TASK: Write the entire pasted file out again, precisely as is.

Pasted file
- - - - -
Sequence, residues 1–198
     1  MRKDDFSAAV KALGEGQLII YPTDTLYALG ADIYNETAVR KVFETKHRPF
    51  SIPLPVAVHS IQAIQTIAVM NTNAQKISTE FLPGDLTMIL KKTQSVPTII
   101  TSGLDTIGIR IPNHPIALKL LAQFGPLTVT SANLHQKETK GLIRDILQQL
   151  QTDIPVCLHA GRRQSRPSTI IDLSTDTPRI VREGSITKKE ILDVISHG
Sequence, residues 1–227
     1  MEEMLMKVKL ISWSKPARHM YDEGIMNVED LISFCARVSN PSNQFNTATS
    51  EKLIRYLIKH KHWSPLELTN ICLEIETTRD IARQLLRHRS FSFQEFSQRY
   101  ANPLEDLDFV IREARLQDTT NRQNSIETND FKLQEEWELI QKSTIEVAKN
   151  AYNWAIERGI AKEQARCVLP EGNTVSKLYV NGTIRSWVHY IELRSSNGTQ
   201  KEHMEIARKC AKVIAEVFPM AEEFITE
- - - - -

Sequence, residues 1–198
     1  MRKDDFSAAV KALGEGQLII YPTDTLYALG ADIYNETAVR KVFETKHRPF
    51  SIPLPVAVHS IQAIQTIAVM NTNAQKISTE FLPGDLTMIL KKTQSVPTII
   101  TSGLDTIGIR IPNHPIALKL LAQFGPLTVT SANLHQKETK GLIRDILQQL
   151  QTDIPVCLHA GRRQSRPSTI IDLSTDTPRI VREGSITKKE ILDVISHG
Sequence, residues 1–227
     1  MEEMLMKVKL ISWSKPARHM YDEGIMNVED LISFCARVSN PSNQFNTATS
    51  EKLIRYLIKH KHWSPLELTN ICLEIETTRD IARQLLRHRS FSFQEFSQRY
   101  ANPLEDLDFV IREARLQDTT NRQNSIETND FKLQEEWELI QKSTIEVAKN
   151  AYNWAIERGI AKEQARCVLP EGNTVSKLYV NGTIRSWVHY IELRSSNGTQ
   201  KEHMEIARKC AKVIAEVFPM AEEFITE